Day 2 of 4 • This day’s reading
The psychology of memory can explain why ‘forgiving and forgetting’ is rarely the case! Our memories are so powerful and a single experience can become entrenched in our long-term memory to the point that it becomes a cue for future expectations.
We do not have a giant USB or SD card in our brains. God designed us with such precision that even our memories leave biological footprints in our brains. Repeated experiences exist in our long-term memory due to the neural connections in our brain, and these experiences become strengthened after each one. This is likened to a dirt path which is formed by constant footsteps. For example, someone who has suffered from abuse on one occasion will have that memory of abuse strengthened or reinforced if they were to experience it again on another occasion. You can’t physically go into your brain and rewire the neural connections that have strengthened those memories over time.
That we‘ve forgiven doesn’t mean we’ve forgotten. That we’ve forgiven doesn’t mean that we can forget because in the short paragraph above, we have learnt that our memories are both biological and psychological.
So what do we do when we have forgiven but we still remember?
A true sign of forgiveness is even when you remember their faults and offences, you say in your heart and to your mind, ‘God’s grace is bigger than what you did to me and how you made me feel’. Forgiveness is you relating to someone according to their God-given identity. Forgiveness refuses to reduce people to their mistakes, shortcomings and ‘aliases’ that hide their true identity and worth. Forgiveness is a weighty call to choose honour above vengeance’.Kanayo (@doctorkanayo)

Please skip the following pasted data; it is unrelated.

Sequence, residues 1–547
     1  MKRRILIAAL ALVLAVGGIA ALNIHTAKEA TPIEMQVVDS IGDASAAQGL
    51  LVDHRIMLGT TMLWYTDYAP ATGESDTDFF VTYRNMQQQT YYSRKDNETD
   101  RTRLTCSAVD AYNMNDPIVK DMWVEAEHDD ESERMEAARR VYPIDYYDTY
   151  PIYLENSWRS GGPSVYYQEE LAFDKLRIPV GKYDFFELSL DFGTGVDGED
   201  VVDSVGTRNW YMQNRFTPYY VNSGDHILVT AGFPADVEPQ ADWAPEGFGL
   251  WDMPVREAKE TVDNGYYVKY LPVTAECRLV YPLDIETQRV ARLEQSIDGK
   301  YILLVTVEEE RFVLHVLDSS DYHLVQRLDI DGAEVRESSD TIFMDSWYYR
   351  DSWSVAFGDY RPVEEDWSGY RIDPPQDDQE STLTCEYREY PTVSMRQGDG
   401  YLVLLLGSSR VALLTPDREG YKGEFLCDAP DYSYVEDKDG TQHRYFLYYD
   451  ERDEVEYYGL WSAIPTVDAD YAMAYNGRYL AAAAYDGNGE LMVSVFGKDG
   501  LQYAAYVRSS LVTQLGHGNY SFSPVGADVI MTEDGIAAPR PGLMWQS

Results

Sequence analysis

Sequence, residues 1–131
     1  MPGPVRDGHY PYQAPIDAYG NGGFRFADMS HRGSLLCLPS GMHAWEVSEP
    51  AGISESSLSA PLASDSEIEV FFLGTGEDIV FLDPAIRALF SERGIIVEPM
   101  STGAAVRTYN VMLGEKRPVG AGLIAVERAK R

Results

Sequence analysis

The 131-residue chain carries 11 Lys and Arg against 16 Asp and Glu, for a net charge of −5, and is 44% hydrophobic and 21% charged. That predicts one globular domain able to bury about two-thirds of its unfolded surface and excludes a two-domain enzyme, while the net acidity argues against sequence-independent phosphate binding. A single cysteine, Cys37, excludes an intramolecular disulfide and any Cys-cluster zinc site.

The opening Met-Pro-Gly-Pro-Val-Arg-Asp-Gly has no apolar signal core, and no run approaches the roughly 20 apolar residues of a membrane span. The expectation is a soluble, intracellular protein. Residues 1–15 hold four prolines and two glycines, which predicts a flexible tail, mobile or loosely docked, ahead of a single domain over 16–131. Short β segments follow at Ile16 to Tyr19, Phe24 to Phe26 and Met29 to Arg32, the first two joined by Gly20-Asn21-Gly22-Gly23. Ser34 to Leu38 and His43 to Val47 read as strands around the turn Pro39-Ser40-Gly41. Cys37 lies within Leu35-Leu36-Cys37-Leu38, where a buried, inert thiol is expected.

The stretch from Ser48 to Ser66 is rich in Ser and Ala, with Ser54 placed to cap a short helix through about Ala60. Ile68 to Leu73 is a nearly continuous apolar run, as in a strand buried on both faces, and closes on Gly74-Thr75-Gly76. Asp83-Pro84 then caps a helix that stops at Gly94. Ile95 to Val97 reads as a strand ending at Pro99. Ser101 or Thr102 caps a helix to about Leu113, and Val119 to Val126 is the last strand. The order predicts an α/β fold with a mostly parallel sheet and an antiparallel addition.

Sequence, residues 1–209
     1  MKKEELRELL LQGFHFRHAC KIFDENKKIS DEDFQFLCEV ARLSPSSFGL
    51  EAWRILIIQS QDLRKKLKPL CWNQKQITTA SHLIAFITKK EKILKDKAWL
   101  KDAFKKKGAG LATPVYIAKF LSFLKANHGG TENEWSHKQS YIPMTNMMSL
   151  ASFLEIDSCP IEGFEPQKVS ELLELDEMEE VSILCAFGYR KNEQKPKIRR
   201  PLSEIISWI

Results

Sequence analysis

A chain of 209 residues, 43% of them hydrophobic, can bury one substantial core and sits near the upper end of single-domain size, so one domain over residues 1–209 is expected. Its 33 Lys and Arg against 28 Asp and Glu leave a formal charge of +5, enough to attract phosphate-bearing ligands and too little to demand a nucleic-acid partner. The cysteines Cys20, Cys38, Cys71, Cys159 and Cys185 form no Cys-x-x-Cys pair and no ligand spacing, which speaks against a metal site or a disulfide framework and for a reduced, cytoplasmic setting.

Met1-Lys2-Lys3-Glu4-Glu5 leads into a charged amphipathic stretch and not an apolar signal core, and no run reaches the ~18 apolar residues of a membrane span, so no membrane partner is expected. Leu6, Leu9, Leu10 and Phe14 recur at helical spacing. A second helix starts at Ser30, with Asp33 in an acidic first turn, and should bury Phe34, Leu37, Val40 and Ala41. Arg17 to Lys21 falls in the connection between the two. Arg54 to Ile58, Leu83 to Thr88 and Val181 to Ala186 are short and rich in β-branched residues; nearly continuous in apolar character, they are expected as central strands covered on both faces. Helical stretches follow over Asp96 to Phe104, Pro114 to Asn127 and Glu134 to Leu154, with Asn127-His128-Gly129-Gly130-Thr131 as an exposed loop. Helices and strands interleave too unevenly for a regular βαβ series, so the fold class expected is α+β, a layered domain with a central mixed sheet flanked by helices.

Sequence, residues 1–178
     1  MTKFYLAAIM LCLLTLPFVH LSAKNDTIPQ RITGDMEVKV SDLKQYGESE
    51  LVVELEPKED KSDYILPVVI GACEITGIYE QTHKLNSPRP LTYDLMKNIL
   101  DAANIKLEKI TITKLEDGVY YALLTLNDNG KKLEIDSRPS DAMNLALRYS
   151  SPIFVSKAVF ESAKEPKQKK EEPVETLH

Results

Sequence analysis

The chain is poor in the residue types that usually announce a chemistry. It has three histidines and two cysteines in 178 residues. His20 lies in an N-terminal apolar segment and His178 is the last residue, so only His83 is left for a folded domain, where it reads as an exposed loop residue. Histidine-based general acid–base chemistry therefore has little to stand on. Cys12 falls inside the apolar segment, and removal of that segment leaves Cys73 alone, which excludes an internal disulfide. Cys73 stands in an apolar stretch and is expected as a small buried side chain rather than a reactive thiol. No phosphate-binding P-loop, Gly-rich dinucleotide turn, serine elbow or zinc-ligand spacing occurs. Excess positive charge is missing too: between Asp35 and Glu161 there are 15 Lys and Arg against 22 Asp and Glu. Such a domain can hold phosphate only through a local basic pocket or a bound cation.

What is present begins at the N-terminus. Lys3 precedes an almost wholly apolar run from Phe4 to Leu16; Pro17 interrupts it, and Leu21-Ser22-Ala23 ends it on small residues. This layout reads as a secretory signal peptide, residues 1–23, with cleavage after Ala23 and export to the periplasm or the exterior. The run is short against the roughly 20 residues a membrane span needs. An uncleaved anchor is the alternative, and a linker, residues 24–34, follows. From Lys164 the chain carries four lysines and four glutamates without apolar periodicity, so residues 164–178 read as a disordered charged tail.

While it would be handy to have a ‘sea of forgetfulness’ for all our negative experiences, what we can do is make a conscious effort to decide how we respond to our memories and to perhaps be intentional about forming new memories where possible. Creating new memories will do two things: it will weaken the existing neural connections in your brain from the negative experience that you had and form new neural connections for the positive experiences that you will intentionally create.
God models this formation of new memories so well. He forgives completely and He doesn’t stay angry forever. He has compassion on us ‘again’ and again. (Micah 7:18-19). It doesn’t say that Our God is never angry. We can take comfort in the fact that our emotional response to offence and hurt are normal, yet, because of this newness in Christ, our right to ‘remain’ offended dissipates. Just like our God will again have compassion on us, we too will again have compassion on others.